The Multivariate t Distribution

These functions provide information about the multivariate \(t\) distribution with non-centrality parameter (or mode) delta, scale matrix sigma and degrees of freedom df. dmvt gives the density and rmvt generates random deviates.

multivariate, distribution
rmvt(n, sigma = diag(2), df = 1, delta = rep(0, nrow(sigma)),
     type = c("shifted", "Kshirsagar"), ...)
dmvt(x, delta = rep(0, p), sigma = diag(p), df = 1, log = TRUE,
     type = "shifted")

vector or matrix of quantiles. If x is a matrix, each row is taken to be a quantile.


number of observations.


the vector of noncentrality parameters of length n, for type = "shifted" delta specifies the mode.


scale matrix, defaults to diag(ncol(x)).


degrees of freedom. df = 0 or df = Inf corresponds to the multivariate normal distribution.


logical indicating whether densities \(d\) are given as \(\log(d)\).


type of the noncentral multivariate \(t\) distribution. type = "Kshirsagar" corresponds to formula (1.4) in Genz and Bretz (2009) (see also Chapter 5.1 in Kotz and Nadarajah (2004)). This is the noncentral t-distribution needed for calculating the power of multiple contrast tests under a normality assumption. type = "shifted" corresponds to the formula right before formula (1.4) in Genz and Bretz (2009) (see also formula (1.1) in Kotz and Nadarajah (2004)). It is a location shifted version of the central t-distribution. This noncentral multivariate \(t\) distribution appears for example as the Bayesian posterior distribution for the regression coefficients in a linear regression. In the central case both types coincide. Note that the defaults differ from the default in pmvt() (for reasons of backward compatibility).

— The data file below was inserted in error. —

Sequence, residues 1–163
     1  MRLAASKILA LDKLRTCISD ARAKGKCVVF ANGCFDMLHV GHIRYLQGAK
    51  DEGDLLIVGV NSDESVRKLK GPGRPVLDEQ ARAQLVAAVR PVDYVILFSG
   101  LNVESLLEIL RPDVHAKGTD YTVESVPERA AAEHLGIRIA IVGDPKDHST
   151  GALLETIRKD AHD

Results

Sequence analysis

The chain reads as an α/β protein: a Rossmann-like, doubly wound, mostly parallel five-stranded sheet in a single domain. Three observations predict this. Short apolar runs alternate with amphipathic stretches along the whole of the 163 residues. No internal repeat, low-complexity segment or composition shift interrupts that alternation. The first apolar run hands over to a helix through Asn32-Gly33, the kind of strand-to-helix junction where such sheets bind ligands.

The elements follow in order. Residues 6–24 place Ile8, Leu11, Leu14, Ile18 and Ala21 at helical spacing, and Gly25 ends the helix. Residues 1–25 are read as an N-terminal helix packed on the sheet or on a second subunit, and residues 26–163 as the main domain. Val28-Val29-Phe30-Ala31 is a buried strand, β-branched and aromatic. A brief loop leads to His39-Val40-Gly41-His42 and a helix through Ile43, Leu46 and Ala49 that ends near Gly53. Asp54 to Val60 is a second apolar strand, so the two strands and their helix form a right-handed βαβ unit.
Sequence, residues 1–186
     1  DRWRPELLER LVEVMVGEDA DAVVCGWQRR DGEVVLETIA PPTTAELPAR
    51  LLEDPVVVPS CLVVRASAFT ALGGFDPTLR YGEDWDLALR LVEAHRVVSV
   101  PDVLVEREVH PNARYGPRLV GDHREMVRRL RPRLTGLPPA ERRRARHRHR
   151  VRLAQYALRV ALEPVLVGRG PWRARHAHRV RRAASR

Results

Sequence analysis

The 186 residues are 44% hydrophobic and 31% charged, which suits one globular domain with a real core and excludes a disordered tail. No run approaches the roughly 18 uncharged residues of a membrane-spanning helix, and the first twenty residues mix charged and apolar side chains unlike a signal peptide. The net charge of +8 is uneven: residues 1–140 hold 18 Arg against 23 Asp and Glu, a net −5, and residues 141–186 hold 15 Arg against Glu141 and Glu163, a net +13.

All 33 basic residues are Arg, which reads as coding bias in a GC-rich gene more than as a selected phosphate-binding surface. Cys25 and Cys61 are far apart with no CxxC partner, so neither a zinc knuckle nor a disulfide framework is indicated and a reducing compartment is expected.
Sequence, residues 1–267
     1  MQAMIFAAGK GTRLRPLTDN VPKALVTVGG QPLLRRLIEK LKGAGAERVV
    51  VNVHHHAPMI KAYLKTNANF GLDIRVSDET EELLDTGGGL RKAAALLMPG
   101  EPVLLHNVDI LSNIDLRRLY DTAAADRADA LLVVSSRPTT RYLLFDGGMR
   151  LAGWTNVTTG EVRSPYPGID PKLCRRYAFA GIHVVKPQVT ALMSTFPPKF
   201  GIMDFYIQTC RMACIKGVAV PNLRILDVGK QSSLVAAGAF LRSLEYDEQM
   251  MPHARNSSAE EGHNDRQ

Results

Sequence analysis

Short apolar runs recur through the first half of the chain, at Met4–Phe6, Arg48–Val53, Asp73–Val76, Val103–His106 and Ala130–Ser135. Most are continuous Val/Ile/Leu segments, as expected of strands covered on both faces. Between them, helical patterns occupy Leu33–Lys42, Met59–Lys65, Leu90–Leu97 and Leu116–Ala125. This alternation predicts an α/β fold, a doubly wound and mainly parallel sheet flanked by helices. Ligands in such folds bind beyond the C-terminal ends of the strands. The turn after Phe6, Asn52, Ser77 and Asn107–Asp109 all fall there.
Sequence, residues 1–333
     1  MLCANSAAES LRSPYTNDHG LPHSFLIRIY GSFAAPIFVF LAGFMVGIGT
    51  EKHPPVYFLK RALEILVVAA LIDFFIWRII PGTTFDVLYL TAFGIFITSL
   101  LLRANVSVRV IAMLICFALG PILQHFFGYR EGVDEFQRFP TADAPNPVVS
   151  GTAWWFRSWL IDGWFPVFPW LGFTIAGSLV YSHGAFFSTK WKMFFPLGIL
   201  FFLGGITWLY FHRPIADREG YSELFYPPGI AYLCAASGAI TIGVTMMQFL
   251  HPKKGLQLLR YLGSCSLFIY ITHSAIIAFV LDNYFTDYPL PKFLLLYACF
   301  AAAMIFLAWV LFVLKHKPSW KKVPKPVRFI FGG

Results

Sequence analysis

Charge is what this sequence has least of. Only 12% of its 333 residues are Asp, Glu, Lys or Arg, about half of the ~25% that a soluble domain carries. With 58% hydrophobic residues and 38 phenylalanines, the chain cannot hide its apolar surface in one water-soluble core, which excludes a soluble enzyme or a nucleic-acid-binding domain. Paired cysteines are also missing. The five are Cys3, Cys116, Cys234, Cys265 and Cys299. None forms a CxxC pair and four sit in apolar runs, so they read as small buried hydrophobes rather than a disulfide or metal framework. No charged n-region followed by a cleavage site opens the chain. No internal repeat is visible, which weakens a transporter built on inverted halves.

additional arguments to rmvnorm(), for example method.


If \(\bm{X}\) denotes a random vector following a \(t\) distribution with location vector \(\bm{0}\) and scale matrix \(\Sigma\) (written \(X\sim t_\nu(\bm{0},\Sigma)\)), the scale matrix (the argument sigma) is not equal to the covariance matrix \(Cov(\bm{X})\) of \(\bm{X}\). If the degrees of freedom \(\nu\) (the argument df) is larger than 2, then \(Cov(\bm{X})=\Sigma\nu/(\nu-2)\). Furthermore, in this case the correlation matrix \(Cor(\bm{X})\) equals the correlation matrix corresponding to the scale matrix \(\Sigma\) (which can be computed with cov2cor()). Note that the scale matrix is sometimes referred to as “dispersion matrix”; see McNeil, Frey, Embrechts (2005, p. 74).

For type = "shifted" the density $$c(1+(x-\delta)'S^{-1}(x-\delta)/\nu)^{-(\nu+m)/2}$$ is implemented, where $$c = \Gamma((\nu+m)/2)/((\pi \nu)^{m/2}\Gamma(\nu/2)|S|^{1/2}),$$ \(S\) is a positive definite symmetric matrix (the matrix sigma above), \(\delta\) is the non-centrality vector and \(\nu\) are the degrees of freedom.

df=0 historically leads to the multivariate normal distribution. From a mathematical point of view, rather df=Inf corresponds to the multivariate normal distribution. This is (now) also allowed for rmvt() and dmvt().

Note that dmvt() has default log = TRUE, whereas dmvnorm() has default log = FALSE.


McNeil, A. J., Frey, R., and Embrechts, P. (2005). Quantitative Risk Management: Concepts, Techniques, Tools. Princeton University Press.

See Also

pmvt() and qmvt()

  • dmvt
  • rmvt
## basic evaluation
dmvt(x = c(0,0), sigma = diag(2))

## check behavior for df=0 and df=Inf
x <- c(1.23, 4.56)
mu <- 1:2
Sigma <- diag(2)
x0 <- dmvt(x, delta = mu, sigma = Sigma, df = 0) # default log = TRUE!
x8 <- dmvt(x, delta = mu, sigma = Sigma, df = Inf) # default log = TRUE!
xn <- dmvnorm(x, mean = mu, sigma = Sigma, log = TRUE)
stopifnot(identical(x0, x8), identical(x0, xn))

## X ~ t_3(0, diag(2))
x <- rmvt(100, sigma = diag(2), df = 3) # t_3(0, diag(2)) sample

## X ~ t_3(mu, Sigma)
n <- 1000
mu <- 1:2
Sigma <- matrix(c(4, 2, 2, 3), ncol=2)
x <- rep(mu, each=n) + rmvt(n, sigma=Sigma, df=3)

## Note that the call rmvt(n, mean=mu, sigma=Sigma, df=3) does *not*
## give a valid sample from t_3(mu, Sigma)! [and thus throws an error]
try(rmvt(n, mean=mu, sigma=Sigma, df=3))

## df=Inf correctly samples from a multivariate normal distribution
x <- rep(mu, each=n) + rmvt(n, sigma=Sigma, df=Inf)
x. <- rmvnorm(n, mean=mu, sigma=Sigma)
stopifnot(identical(x, x.))
# }
Documentation reproduced from package mvtnorm, version 1.0-10, License: GPL-2

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